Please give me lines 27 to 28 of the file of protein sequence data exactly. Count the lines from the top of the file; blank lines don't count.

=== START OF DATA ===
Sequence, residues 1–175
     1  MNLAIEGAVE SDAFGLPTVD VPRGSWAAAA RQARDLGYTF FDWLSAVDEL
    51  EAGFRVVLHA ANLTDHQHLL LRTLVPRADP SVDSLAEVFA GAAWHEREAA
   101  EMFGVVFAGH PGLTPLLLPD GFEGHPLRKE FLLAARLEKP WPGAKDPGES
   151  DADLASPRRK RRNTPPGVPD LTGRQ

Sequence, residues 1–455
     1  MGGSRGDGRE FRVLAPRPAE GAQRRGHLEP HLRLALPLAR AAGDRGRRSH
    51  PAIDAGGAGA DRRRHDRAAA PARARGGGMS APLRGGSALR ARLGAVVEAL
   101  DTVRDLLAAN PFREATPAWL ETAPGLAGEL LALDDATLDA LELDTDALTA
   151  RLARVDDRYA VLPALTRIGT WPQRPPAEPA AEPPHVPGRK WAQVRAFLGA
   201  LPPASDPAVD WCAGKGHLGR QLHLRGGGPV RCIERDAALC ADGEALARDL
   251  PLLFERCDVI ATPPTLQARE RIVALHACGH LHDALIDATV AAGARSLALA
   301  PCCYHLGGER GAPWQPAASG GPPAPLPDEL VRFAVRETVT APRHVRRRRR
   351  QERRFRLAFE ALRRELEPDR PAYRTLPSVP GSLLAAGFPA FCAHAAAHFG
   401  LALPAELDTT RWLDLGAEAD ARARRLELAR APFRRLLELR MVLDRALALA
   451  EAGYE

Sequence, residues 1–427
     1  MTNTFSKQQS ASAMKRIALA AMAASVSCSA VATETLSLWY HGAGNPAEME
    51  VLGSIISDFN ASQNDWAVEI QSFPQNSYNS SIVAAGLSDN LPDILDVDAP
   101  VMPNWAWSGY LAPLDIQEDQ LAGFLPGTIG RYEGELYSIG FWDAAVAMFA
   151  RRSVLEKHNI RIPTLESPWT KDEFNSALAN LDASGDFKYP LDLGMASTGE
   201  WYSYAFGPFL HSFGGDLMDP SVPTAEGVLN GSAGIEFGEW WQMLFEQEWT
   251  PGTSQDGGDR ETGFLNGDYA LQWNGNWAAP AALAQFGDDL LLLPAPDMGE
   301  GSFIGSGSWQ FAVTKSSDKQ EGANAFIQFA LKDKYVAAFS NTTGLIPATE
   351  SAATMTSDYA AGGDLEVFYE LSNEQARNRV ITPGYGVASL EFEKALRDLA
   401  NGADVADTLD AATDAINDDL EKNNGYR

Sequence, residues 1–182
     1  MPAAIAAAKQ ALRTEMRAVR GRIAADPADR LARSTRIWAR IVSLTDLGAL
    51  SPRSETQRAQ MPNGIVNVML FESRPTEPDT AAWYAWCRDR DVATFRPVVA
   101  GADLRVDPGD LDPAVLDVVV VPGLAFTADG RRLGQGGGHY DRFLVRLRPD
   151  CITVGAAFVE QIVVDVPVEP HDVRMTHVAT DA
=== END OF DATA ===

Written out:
Sequence, residues 1–182
     1  MPAAIAAAKQ ALRTEMRAVR GRIAADPADR LARSTRIWAR IVSLTDLGAL